This unit provides an introduction to the rapidly-growing area of options, futures and swaps. These securities are derived from fundamental securities such as equities and bonds. The unit examines the nature of each of type of derivative security before a thorough treatment of the pricing and use of these securities for investment management and risk management purposes.
FINC6013 International Business Finance

Credit points: 6 Session: Semester 1 Classes: 1 x 3hr seminar per week Prerequisites: FINC5001 Assessment: mid-semester test (25%), assignment (25%), final exam (50%) Campus: Camperdown/Darlington, Sydney Mode of delivery: Normal (lecture/lab/tutorial) day, Normal (lecture/lab/tutorial) evening
In our highly globalised and integrated world economy, understanding international dimensions of financial management is essential for businesses. This unit provides a greater understanding of the fundamental concepts and the tools necessary for effective financial decision making by business enterprises, within a global setting.
FINC6014 Fixed Income Securities

Credit points: 6 Session: Semester 2 Classes: 1x 3hr seminar per week Prerequisites: FINC5001 Assessment: mid-semester exam (25%), group assignment (25%), and final exam (50%) Campus: Camperdown/Darlington, Sydney Mode of delivery: Normal (lecture/lab/tutorial) day
This unit covers the concepts required for investment in fixed income securities, managing bond portfolios and understanding debt markets. Topics covered include duration, convexity, interest rate risk, bond volatility and the term structure of interest rates. The more complex types of debt securities studied include mortgage backed securities, corporate bonds with embedded options such as convertible bonds and interest rate derivatives.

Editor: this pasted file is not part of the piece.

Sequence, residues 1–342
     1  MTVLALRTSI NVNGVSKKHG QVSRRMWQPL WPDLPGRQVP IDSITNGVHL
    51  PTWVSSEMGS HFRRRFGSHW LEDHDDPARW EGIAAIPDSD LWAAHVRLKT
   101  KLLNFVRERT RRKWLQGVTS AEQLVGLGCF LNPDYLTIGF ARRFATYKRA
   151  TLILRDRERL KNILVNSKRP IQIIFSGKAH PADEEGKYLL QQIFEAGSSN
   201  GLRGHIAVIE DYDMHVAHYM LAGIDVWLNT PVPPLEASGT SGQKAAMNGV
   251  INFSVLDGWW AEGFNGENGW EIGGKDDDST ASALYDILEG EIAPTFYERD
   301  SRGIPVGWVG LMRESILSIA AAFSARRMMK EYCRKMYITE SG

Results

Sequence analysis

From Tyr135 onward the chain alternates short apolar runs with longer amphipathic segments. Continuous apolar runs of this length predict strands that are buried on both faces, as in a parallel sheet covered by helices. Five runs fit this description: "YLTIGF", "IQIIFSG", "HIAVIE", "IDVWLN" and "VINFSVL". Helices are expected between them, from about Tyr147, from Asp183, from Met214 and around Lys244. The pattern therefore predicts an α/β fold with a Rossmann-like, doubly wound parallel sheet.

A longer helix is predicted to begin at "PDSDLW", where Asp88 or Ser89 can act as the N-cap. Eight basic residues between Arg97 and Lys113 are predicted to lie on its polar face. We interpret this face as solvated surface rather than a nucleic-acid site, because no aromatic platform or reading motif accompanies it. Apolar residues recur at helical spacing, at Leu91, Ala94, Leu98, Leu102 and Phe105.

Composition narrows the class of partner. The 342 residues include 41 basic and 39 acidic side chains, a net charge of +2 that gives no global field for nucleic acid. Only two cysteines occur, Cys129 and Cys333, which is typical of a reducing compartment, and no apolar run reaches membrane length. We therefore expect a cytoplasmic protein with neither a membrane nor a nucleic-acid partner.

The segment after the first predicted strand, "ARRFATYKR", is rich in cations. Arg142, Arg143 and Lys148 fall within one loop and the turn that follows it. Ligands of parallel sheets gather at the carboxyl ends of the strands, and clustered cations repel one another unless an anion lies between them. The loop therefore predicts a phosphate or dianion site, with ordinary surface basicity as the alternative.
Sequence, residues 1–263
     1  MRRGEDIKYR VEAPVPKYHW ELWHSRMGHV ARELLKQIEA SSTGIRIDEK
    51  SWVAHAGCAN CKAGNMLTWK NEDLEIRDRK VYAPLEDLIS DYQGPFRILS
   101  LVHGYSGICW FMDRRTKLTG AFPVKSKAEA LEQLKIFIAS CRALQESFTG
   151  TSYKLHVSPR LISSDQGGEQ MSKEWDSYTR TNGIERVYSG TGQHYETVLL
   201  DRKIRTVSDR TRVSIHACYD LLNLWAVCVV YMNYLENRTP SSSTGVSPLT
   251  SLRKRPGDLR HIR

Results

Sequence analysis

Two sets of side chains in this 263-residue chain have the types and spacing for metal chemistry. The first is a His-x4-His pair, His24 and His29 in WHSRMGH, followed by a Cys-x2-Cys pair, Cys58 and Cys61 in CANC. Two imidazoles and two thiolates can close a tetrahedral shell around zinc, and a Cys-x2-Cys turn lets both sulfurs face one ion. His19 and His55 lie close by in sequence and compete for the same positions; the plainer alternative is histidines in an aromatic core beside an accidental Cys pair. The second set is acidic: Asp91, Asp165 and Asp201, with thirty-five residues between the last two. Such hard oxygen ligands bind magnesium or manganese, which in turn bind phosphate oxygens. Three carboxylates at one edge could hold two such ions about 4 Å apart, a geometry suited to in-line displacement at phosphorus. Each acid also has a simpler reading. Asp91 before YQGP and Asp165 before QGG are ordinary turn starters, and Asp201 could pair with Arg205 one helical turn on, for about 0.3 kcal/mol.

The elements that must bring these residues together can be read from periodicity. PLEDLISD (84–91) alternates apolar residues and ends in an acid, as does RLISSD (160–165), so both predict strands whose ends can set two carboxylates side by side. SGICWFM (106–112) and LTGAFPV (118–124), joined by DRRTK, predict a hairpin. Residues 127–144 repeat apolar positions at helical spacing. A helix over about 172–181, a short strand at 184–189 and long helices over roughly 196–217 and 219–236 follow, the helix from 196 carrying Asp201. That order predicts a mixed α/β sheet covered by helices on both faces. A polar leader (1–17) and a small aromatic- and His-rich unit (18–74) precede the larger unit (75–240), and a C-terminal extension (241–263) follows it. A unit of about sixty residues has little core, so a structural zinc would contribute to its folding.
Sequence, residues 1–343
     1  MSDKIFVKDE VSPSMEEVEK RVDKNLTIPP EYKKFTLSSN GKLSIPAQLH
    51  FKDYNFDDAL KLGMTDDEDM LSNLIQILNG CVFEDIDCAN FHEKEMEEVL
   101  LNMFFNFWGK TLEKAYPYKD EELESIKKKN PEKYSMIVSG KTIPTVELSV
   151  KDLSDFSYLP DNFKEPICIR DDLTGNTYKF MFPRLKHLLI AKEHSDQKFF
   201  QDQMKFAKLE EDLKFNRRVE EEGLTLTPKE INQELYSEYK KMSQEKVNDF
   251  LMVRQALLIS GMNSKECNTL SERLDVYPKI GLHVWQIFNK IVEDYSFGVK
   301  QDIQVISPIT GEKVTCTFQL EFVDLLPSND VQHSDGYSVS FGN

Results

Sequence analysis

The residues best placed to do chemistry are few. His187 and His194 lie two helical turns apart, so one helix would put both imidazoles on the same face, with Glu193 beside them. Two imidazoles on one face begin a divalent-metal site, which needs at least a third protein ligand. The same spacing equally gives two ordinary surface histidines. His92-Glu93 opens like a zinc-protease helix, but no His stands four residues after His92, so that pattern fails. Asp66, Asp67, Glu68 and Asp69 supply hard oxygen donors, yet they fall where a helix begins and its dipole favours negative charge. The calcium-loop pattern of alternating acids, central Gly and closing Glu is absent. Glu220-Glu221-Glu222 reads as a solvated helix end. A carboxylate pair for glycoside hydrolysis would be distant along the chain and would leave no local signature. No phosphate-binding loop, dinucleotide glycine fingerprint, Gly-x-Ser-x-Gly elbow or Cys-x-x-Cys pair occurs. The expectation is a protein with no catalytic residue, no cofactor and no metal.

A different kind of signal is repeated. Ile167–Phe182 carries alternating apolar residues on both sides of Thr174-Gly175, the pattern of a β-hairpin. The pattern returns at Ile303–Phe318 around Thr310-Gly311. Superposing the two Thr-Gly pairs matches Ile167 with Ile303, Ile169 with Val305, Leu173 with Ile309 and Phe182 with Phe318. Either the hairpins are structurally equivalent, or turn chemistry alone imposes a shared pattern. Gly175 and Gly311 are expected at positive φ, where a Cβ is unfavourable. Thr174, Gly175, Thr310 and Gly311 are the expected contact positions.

FINC6017 Mergers and Acquisitions

Credit points: 6 Session: Semester 2 Classes: 1x 3hr seminar per week Prerequisites: FINC5001 Prohibitions: ACCT6011 Assessment: mid-semester exam (30%), assignment (20%), final exam (50%) Campus: Camperdown/Darlington, Sydney Mode of delivery: Normal (lecture/lab/tutorial) day, Normal (lecture/lab/tutorial) evening
Mergers and acquisitions have become perhaps the most important activity of investment banks today. They provide a fundamental way for businesses to secure growth. To analyse mergers and acquisitions, most tools from modern financial economics are needed. The unit commences with a review of how existing businesses are valued, continues with an analysis of capital structure decisions, considers management incentives and examines issues in corporate control. It then examines the motives for mergers and acquisitions. Some acquisitions are motivated by value improvements created by correcting incentive problems, some acquisitions however are motivated by bad incentives that decrease value.
FINC6021 Corporate Valuation

Credit points: 6 Session: Semester 1 Classes: 1x 3hr seminar per week Prerequisites: FINC5001 Assessment: mid-semester exam (25%), assignment (25%), final exam (50%) Campus: Camperdown/Darlington, Sydney Mode of delivery: Normal (lecture/lab/tutorial) day
This unit applies all aspects of finance theory to the general problem of valuing companies and other financial assets. This requires a synthesis of the fundamental concepts of present value, cost of capital, security valuation, asset pricing models, optimal capital structures, derivative pricing and some related accounting concepts. The unit aims to reach a level of practical application that allows students to understand both the theoretical frameworks and institutional conventions of real world corporate valuations. Basic valuation concepts from accounting are reconciled with the finance theory on which firm value ultimately stands. Students are asked to make extensive use of Excel or similar software in valuation exercises.
FINC6024 Real Estate Finance and Investment

Credit points: 6 Session: Semester 1 Classes: 1x 3hr seminar per week Prerequisites: FINC5001 Assessment: cases (40%); individual assignments (30%); major group assignment (25%); industry presentation (5%) Campus: Camperdown/Darlington, Sydney Mode of delivery: Normal (lecture/lab/tutorial) day
Real Estate Finance will provide graduates with the knowledge and skills to value and manage real estate within the context of a mixed-asset portfolio. In particular, this unit will explore the micro-economic and macro-economic foundations of real estate, real estate valuation techniques, property derivatives and securities, real estate portfolio management, capital management and listed real estate firms. Graduates can seek employment in the property management industry, funds management industry and financial analysis roles.